Software Developer with over 10 years experience. Currently Team Leader in Javeo where he builds next-generation applications. The enthusiast of Scala and functional programming, also follower of simplicity and clean code.
If you are perfectionist you want to minimize the amount of boilerplate code. You’ve heard about Scala and you think it is a good idea to use it as your language of choice. But it turns out that there are places where boilerplate code is unavoidable and you want do better. Your dream is to have library or maybe some kind of DSL which will read your mind without explicit orders. Maybe you’ve heard about metaprogramming in Ruby, but you dropped the idea of using it because of lack of static typing. Is there a way to generate code using the advantages of static typing and still keep the expressiveness?
Yes! Scala is an expressive language with many outstanding features. One of them are Scala macros. It is a fantastic multitool for creating rich and easy to use libraries. Macros are used under the hood of many known libraries such as Slick, frameworks like Play, and even within the Scala language. They allow developer to take advantage of self-generating and self-mutating code.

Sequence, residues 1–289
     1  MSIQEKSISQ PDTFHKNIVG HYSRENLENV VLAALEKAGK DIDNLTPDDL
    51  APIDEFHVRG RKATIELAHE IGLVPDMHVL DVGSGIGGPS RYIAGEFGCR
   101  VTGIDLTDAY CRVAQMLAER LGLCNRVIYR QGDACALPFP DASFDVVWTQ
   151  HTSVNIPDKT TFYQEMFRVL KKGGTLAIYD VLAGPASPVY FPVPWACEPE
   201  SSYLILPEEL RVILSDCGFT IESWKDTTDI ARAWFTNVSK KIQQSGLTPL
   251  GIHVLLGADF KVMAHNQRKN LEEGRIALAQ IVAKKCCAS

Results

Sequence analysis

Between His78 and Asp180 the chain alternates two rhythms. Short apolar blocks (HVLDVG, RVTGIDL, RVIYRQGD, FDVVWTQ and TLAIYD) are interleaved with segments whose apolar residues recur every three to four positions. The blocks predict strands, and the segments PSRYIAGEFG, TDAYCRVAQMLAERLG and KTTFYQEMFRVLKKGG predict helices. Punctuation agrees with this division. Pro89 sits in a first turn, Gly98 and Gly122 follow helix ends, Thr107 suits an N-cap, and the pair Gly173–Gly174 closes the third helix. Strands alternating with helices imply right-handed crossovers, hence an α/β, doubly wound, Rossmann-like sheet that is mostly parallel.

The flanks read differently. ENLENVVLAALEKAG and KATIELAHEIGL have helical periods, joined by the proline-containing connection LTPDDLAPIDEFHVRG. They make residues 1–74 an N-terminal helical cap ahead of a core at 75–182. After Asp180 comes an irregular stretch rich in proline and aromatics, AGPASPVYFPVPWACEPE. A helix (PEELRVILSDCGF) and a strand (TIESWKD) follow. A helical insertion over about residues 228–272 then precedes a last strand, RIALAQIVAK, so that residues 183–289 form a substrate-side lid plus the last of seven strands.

Our talk will consist of 3 parts:
- Introduction to macros(overview and main concept),
- example of using macro annotations (with usage of quasiquotes- rich domain specific API for AST tree manipulation)
- presenting how to write your own library based on the example of our solution.
During this talk we will outline advantages and downsides of macros. We will describe and overview what quasiquotes are, and how to use them in a flexible way. Moreover, we will specify the main problems which we encountered during writing our own library, now used in production.
We had a lot of fun when learning macros. They helped us to write a library, which we now use with Play Framework and Slick. We believe that macros can be used by developers more frequently to solve everyday problems. Come and find out if they can help you too.